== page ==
Castles of the Mind: A Study of Medieval Architectural Allegory

Castles of the Mind: A Study of Medieval Architectural Allegory

Castles of the Mind: A Study of Medieval Architectural Allegory

Castles of the Mind: A Study of Medieval Architectural Allegory


For well over a thousand years, scholars exploited the potential of architecture for allegorical representation. Regardless of whether they were describing the characteristics of romantic love, the framework of the medieval education syllabus, the community of the church, the virginal body or the contemplative vocation, writers turned repeatedly to the trope of the textual building. What was it about architecture that enabled it to fulfil such diverse functions over such a long timespan?

Castles of the Mind identifies and traces two primary traditions of symbolic textual architecture – Christian and classicizing – from antiquity until the end of the Middle Ages. It charts the evolution of the architectural metaphor over time, in relation to social, political and religious contexts, and offers a wealth of information on secular and devotional allegory.

Christiania Whitehead suggests new ways of reading and evaluating major medieval texts, such as Chaucer's House of Fame and Gavin Douglas's Palis of Honoure, as well as reassessing the importance of many less well-known works. Castles of the Mind is a major new contribution to our understanding of the symbolic structures and ideological systems underpinning medieval literary and cultural representations.


Religion and Culture in the Middle Ages aims to explore the interface between medieval religion and culture, with as broad an understanding of those terms as possible. It puts to the forefront studies which engage with works that significantly contributed to the shaping of medieval culture. However, it also gives attention to studies dealing with works that reflect and highlight aspects of medieval culture that have been neglected in the past by scholars of the medieval disciplines. For example, devotional works and the practice they infer illuminate our understanding of the medieval subject and its culture in remarkable ways, while studies of the material space designed and inhabited by medieval subjects yield new evidence on the period and the people who shaped it and lived in it. in the larger field of religion and culture, we also want to explore further the roles played by women as authors, readers and owners of books, thereby defining them more precisely as actors in the cultural field.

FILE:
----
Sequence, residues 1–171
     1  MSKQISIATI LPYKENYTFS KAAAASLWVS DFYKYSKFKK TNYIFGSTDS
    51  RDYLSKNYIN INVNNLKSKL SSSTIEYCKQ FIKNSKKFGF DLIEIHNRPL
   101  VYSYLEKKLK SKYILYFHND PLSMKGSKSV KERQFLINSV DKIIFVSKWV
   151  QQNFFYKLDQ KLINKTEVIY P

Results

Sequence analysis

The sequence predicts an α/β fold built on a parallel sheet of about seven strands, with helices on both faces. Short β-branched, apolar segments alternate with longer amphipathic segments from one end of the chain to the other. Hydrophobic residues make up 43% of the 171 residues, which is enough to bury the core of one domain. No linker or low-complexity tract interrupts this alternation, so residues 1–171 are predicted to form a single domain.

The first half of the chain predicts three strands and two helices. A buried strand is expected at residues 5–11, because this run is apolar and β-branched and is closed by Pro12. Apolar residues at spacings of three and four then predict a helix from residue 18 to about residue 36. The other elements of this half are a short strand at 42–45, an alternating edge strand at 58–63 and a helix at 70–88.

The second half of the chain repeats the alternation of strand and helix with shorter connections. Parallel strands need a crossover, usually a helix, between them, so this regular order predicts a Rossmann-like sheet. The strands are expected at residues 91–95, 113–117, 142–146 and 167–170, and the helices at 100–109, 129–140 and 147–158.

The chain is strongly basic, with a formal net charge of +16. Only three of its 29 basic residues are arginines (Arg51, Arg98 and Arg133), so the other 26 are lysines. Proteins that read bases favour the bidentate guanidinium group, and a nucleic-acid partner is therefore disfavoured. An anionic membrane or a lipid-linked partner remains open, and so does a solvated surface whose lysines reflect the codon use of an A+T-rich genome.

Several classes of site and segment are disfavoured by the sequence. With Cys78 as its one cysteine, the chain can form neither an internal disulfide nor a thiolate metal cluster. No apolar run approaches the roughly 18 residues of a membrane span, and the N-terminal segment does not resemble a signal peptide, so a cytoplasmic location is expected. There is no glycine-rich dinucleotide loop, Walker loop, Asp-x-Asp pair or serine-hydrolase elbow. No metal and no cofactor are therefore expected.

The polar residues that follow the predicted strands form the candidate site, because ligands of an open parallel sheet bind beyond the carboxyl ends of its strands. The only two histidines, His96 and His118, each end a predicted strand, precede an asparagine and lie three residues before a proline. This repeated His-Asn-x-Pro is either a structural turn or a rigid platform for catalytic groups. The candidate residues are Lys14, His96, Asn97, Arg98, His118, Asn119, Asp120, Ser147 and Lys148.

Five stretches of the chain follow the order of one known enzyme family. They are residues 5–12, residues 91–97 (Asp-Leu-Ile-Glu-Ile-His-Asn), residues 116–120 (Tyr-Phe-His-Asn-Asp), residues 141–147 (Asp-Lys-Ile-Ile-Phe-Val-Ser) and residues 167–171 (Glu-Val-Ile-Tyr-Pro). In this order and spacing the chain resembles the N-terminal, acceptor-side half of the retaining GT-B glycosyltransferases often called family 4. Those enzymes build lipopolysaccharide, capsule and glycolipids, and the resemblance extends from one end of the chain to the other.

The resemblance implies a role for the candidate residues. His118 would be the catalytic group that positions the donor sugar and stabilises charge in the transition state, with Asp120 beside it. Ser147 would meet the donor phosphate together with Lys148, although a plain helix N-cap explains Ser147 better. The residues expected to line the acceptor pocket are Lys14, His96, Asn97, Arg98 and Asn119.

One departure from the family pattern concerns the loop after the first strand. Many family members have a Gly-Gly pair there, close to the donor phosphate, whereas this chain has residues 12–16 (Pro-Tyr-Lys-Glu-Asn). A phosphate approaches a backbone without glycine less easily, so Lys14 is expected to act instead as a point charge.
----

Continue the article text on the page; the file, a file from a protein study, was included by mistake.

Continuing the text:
The series as a whole investigates the European Middle Ages, from c.500 to c.1500. Our aim is to explore medieval religion and culture with the tools belonging to such disciplines as, among others, art history, philosophy, theology, history, musicology, the history of medicine, and literature. in particular, we would like to promote interdisciplinary studies, as we believe strongly that our modern understanding of the term applies fascinatingly well to a cultural period marked by a less tight confinement and categorization of its disciplines than the modern period. However, our only criterion is academic excellence, with the belief that the use of a large diversity of critical tools and theoretical approaches enables a deeper understanding of medieval culture. We want the series to reflect this diversity, as we believe that, as a collection of outstanding contributions, it offers a more subtle representation of a period that is marked by paradoxes and contradictions and which necessarily reflects diversity and difference, however difficult it may sometimes have proved for medieval culture to accept these notions.

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